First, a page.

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Inside iOS 11: New security feature allows users to temporarily disable Touch ID, quickly call 911

By Neil Hughes

The latest beta release of iOS 11 includes a new security feature, with a few button presses making it impossible to unlock your phone with Touch ID, as well as giving a quick option to dial 911. Here's how to use it.

Screenshots via Twitter user @alt_kia.

The new iOS 11 feature might allow iPhone owners who find themselves in a dangerous situation to ensure their phone cannot be forcefully unlocked with a fingerprint. It will also make it easier to contact emergency services if the person is in danger or threatened.

To access it, in iOS 11, a user must just press the lock/power button five times quickly. Pressing five times does not automatically dial 911, but it presents the user with an option to do so.

The security feature, publicized by The Verge, also temporarily disables Touch ID, requiring users to enter a passcode to unlock their device. This would prevent a would-be thief or attacker from forcing a user's fingerprint onto the iPhone's home button to unlock it.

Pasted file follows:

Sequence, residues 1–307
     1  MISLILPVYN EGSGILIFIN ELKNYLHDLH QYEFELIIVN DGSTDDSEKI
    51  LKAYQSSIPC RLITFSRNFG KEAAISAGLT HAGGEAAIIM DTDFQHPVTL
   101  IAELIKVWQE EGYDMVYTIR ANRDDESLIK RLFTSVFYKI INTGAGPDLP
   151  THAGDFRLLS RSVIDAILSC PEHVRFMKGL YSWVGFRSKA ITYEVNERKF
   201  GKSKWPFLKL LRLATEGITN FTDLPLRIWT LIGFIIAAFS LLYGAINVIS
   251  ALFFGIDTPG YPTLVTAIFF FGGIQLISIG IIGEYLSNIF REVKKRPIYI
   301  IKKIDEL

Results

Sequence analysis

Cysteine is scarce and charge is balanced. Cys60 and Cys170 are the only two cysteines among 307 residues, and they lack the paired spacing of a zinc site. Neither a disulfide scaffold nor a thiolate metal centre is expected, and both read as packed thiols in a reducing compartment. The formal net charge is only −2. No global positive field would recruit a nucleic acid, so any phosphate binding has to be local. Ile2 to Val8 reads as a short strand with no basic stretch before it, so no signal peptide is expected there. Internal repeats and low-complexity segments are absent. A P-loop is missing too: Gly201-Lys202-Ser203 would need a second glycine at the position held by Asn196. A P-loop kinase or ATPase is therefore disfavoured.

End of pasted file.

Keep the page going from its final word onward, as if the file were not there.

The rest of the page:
The functionality could become even more useful with Apple's anticipated "iPhone 8", which is widely expected to offer a new facial recognition unlock method. It has been said that Apple's system will be able to recognize a user at extreme angles, including while the phone is flat on a table.

While this new security method would offer greater convenience of automatically unlocking an iPhone, it could also present new security challenges -- rather than needing to force a user's finger onto an iPhone, an unauthorized user could instead just hold it in front of their face.

With this new security method, if a person felt like they were in a position that someone would try to forcibly bypass their iPhone's security, whether with Touch ID or a rumored "Face ID," the instant-unlock capabilities could be disabled.

Previously, a user would need to completely restart their phone, or to purposefully attempt to unlock multiple times with an unrecognized finger, to have a password be required on demand.

For more on Apple's forthcoming mobile operating system update, see AppleInsider's ongoing Inside iOS 11 series.

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